Risk of neuropsychiatric and cardiovascular adverse events following treatment with varenicline and nicotine replacement therapy in the UK Clinical Practice Research Datalink: a case–cross‐over study

Kyla H Thomas*, Neil M Davies, Amy E Taylor, Gemma M J Taylor, David J Gunnell, Richard M Martin, Ian Douglas

*Corresponding author for this work

Research output: Contribution to journalArticle (Academic Journal)peer-review

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Abstract

Background and aims
Varenicline and nicotine replacement therapy (NRT) are the most commonly used medications to quit smoking. Given their widespread use, monitoring adverse risks remains important. This study aimed to estimate the neuropsychiatric and cardiovascular risks associated with varenicline and NRT as used in routine UK care.

Design
Case–cross‐over study.

Setting
UK‐based electronic primary care records in the Clinical Practice Research Datalink from 2006 to 2015 linked to hospital and mortality data sets.

Participants
Adult smokers observed during periods when exposed and not exposed to either varenicline or NRT.

Measurements
Main outcomes included suicide, self‐harm, myocardial infarction (MI), all‐cause death and cause‐specific death [MI, chronic obstructive pulmonary disease (COPD)]. In primary analyses, conditional logistic regression was used to compare the chance of varenicline or NRT exposure during the risk period (90 days prior to the event) with the chance of exposure during an earlier single reference period (91–180 days prior to the event) or multiple 90‐day reference periods to increase statistical power.

Findings
In the primary analyses, findings were inconclusive for the associations between varenicline and the main outcomes using a single reference period, while NRT was associated with MI [odds ratio (OR) = 1.40, 95% confidence interval (CI) = 1.18–1.67]. Using multiple reference periods, varenicline was associated with an increased risk of self‐harm (OR = 1.32, 95% CI = 1.12–1.56) and suicide (OR = 3.56, 95% CI = 1.32–9.60) but a reduction in all‐cause death (OR = 0.75, 95% CI = 0.61–0.93). NRT was associated with MI (OR = 1.54, 95% CI = 1.36–1.74), self‐harm (OR = 1.30, 95% CI = 1.18–1.44) and deaths from MI (OR = 1.53, 95% CI = 1.11–2.10), COPD (OR = 1.33, 95% CI = 1.14–1.56) and all causes (OR = 1.28, 95% CI = 1.18–1.40) when using multiple reference periods.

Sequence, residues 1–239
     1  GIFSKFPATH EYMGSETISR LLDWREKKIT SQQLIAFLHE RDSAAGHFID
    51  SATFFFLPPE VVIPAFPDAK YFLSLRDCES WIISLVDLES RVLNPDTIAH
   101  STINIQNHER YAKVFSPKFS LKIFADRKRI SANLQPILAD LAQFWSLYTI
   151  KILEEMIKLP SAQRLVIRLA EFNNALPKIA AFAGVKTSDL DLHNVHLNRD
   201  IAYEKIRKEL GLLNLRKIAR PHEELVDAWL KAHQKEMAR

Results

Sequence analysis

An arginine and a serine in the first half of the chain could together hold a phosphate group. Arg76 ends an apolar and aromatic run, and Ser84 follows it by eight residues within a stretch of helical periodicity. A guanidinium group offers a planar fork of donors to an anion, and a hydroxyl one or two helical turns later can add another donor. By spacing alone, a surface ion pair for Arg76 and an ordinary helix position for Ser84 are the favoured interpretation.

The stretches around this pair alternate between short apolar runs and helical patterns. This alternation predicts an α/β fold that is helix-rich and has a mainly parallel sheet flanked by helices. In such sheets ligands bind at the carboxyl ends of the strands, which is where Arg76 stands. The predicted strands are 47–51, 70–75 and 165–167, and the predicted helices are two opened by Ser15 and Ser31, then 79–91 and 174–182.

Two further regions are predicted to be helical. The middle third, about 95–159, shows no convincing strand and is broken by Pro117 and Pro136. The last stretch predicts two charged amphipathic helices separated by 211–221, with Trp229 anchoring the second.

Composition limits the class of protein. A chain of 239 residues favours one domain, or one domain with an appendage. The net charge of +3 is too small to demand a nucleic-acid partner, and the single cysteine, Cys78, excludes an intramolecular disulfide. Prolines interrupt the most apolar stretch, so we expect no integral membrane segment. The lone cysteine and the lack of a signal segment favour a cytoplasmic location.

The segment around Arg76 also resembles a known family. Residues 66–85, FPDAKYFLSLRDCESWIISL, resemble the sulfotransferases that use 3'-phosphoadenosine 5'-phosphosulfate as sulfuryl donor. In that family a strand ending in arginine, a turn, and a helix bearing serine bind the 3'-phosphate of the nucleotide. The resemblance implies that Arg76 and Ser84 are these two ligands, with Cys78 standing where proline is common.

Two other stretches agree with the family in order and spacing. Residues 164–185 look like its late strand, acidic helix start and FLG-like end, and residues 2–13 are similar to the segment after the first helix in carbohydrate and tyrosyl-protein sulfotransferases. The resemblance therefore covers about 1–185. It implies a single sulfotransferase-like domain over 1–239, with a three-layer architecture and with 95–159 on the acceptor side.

Conclusions
There appear to be positive associations between (1) nicotine replacement therapy (NRT) and myocardial infarction, death and risk of self‐harm and (2) varenicline and increased risk of self‐harm and suicide, as well as a negative association between varenicline and all‐cause death. The associations may not be causal. They may reflect health changes at the time of smoking cessation (nicotine replacement therapy is prescribed for people with cardiac problems) or be associated with quit attempts (exposure to both medicines was associated with self‐harm).
Original languageEnglish
Number of pages14
JournalAddiction
DOIs
Publication statusPublished - 14 Dec 2020

Keywords

  • Adverse events
  • cardiovascular
  • neuropsychiatric
  • nicotine replacement therapy
  • observational study
  • varenicline

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